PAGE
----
About Project 8
Measuring neutrino mass is no easy task! Neutrinos are neutral and extremely light, so they hardly interact with the matter we encounter in our everyday lives. To “weigh” the neutrino, we take a radioactive source that undergoes beta decay, releasing an electron and an electron antineutrino. We can use the energy of the electron, which is easier to measure, to infer the mass of the neutrino. Read the sections below to learn more about the details of how this interaction is measured, and the progress that Project 8 has made so far.
Using beta decay to measure neutrinos
In a beta decay, both the electron and the neutrino carry off some of the energy of the interaction. At the highest electron energies, the neutrino mass will distort the shape of the electron spectrum. Thus, the neutrino mass can be constrained in a model-independent way by precisely measuring the spectrum endpoint. In recent years, the Mainz and Troitsk experiments have used this method to set an upper limit on the effective neutrino mass at 2.05 eV/c2 at a 95% confidence level. There are ongoing efforts, such as KATRIN, that use the same idea to extend this sensitivity.
The Project 8 collaboration aims to lower the upper limit on the neutrino mass to about 40 meV/c2, probing the inverted mass hierarchy, using a new approach to measure the electron energy. This is called cyclotron emission spectroscopy (CRES).
Cyclotron Radiation Emission Spectroscopy (CRES)
In Project 8, we use the beta decay of tritium (hydrogen with 2 neutrons) to look for that electron spectrum distortion. To measure electron energy, we place our source in a magnetic field. When charged particles such as electrons encounter a magnetic field, they undergo cyclotron motion, moving in a spiral. This movement generates radiation that can be measured with antennas. The frequency of this radiation is directly related to the electron energy as described by the equation to the left (where f is the cyclotron frequency, B is magnetic field, e is the elementary charge, m is the mass of the electron, c is the speed of light, and K is the kinetic energy of the electron). Thus, a precise frequency measurement translates to a precise energy measurement, which in turn leads to a direct measurement of the neutrino mass.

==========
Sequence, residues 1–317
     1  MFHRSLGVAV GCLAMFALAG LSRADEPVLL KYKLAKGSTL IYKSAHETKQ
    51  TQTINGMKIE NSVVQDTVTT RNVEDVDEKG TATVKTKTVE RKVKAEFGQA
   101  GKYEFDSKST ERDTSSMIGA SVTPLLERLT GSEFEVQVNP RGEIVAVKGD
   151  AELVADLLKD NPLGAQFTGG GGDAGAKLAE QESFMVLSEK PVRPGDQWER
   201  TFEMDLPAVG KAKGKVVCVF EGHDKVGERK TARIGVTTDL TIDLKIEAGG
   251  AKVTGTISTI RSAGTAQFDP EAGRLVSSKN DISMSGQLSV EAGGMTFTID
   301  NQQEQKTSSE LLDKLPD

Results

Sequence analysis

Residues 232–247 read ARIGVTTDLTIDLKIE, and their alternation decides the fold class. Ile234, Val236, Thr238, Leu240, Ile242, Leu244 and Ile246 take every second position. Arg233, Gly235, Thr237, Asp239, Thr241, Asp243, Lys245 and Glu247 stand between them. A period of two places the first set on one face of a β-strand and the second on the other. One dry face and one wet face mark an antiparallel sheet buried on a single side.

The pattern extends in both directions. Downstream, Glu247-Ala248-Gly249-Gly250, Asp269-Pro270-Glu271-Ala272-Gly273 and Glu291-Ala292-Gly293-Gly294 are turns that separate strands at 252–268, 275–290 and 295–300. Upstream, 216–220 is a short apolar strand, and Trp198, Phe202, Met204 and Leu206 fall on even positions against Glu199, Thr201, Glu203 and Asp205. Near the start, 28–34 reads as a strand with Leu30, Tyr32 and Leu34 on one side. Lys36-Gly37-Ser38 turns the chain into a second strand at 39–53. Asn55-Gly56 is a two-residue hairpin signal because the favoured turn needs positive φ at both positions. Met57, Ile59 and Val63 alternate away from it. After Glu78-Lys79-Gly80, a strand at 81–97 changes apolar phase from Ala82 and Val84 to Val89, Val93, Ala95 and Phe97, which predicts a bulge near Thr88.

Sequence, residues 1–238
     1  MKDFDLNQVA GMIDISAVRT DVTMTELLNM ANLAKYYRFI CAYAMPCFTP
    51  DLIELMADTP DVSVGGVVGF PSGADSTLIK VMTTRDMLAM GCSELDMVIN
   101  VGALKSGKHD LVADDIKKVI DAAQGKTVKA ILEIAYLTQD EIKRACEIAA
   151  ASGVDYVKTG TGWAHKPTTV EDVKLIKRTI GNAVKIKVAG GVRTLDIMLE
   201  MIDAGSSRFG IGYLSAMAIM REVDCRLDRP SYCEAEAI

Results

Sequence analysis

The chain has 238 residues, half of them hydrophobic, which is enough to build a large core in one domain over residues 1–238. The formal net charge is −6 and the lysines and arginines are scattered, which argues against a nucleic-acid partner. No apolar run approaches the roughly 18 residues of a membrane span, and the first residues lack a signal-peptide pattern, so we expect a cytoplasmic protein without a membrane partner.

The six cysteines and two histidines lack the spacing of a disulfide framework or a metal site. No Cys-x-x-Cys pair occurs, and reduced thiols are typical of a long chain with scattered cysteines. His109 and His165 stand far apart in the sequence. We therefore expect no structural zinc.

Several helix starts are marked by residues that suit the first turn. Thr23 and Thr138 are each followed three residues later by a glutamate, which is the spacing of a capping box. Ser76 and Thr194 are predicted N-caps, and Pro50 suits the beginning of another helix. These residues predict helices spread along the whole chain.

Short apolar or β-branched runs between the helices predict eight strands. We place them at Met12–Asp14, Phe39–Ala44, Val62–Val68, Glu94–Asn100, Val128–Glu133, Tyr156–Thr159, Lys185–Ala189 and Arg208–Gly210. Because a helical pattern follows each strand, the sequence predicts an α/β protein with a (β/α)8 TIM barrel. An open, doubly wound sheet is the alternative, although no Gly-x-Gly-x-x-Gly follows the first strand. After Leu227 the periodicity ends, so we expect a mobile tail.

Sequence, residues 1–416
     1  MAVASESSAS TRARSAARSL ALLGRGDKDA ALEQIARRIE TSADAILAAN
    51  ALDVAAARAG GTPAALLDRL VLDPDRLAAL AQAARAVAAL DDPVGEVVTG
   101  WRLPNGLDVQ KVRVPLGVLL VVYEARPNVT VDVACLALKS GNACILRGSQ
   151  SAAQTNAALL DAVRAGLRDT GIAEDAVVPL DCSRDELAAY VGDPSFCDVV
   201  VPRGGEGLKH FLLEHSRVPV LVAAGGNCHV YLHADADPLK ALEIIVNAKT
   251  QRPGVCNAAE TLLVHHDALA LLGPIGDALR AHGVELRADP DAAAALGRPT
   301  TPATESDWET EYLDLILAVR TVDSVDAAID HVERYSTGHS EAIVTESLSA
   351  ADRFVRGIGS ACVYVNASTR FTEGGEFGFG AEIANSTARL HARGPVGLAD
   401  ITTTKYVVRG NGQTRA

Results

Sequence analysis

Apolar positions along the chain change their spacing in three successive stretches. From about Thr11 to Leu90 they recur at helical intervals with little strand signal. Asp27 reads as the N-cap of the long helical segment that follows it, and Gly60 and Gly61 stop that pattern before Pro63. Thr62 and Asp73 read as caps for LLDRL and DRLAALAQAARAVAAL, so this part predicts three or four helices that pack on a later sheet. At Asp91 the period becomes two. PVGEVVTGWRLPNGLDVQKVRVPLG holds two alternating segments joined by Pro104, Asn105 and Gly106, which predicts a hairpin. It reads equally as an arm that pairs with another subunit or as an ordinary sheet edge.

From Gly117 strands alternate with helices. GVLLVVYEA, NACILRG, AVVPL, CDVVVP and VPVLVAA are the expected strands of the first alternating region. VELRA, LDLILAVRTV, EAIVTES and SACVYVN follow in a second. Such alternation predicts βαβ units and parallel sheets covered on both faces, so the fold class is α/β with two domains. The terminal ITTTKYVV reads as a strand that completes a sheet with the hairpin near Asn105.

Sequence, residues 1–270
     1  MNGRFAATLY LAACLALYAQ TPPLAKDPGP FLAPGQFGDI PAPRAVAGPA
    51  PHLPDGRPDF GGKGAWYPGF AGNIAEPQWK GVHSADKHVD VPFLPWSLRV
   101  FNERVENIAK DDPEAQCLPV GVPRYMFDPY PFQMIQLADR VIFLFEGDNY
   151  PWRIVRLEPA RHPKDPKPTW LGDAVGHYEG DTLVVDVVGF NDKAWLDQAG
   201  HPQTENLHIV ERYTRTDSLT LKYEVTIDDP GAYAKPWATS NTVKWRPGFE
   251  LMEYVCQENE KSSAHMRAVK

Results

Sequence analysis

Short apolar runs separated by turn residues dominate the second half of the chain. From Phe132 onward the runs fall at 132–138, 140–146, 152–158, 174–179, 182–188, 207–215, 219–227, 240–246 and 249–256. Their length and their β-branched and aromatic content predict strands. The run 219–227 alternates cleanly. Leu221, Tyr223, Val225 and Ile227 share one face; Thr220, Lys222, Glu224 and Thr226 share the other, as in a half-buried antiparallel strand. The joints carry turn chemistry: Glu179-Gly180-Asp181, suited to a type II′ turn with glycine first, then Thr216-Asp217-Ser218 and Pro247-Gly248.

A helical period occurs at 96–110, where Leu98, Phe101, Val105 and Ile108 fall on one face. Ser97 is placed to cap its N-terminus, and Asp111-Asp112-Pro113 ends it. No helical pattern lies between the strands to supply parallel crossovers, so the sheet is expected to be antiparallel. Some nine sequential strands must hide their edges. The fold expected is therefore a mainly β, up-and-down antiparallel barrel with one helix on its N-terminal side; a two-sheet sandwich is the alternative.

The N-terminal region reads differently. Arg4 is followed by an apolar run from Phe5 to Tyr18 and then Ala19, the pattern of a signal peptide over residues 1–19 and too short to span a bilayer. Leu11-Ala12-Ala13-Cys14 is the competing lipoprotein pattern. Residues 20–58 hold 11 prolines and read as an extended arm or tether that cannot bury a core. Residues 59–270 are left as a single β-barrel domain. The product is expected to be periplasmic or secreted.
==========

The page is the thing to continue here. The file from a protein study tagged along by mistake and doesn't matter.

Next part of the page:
Phases I & II: Single Electron Detection
The proof-of-concept stage for CRES, Phase I, involved trapping krypton gas (Kr-83m), a monoenergetic calibration source of electrons, in a small waveguide. A magnetic field of ~1 T supplied by an NMR magnet induced cyclotron radiation. In order to allow sufficient time for detection, a magnetic bottle trap kept electrons inside the detection volume. A 17.8 keV electron of Kr emits radiation in the microwave K band at about 26 GHz, which is very close to the cyclotron frequency from an electron emitted via tritium decay. In this experiment we observed single-electron relativistic radiation for the first time, shown in the left side of the figure below.
The next phase of the experiment (Phase II), which is currently operating at the University of Washington, has demonstrated CRES with tritium and upgraded to a higher energy resolution. It is also contained in a waveguide with magnetic traps to contain the electrons. The right side of the figure below shows a photo of the setup. This phase is currently running with tritium to gain statistics, and working on analyzing the electron spectrum and systematics.
Phase III & IV: Detecting Cyclotron Frequency in Free-Space
Now that CRES has been successfully demonstrated in a waveguide, the next step is to scale up the technique to a free-space setup. This is referred to as “Phase III” and will employ a phased antenna array to look at molecular tritium decays. This is currently in the design stage, with much activity going on at Yale. The figure below shows a conceptual design of the volume, with patch antennas surrounded by magnetic coils. This will demonstrate a technology and reach a mass limit that is competitive with current values. Research is also underway across several institutions to design the atomic tritium source for the final phase of the experiment, which will be on a much larger scale and aim to reach a mass sensitivity of ~40 meV/c2.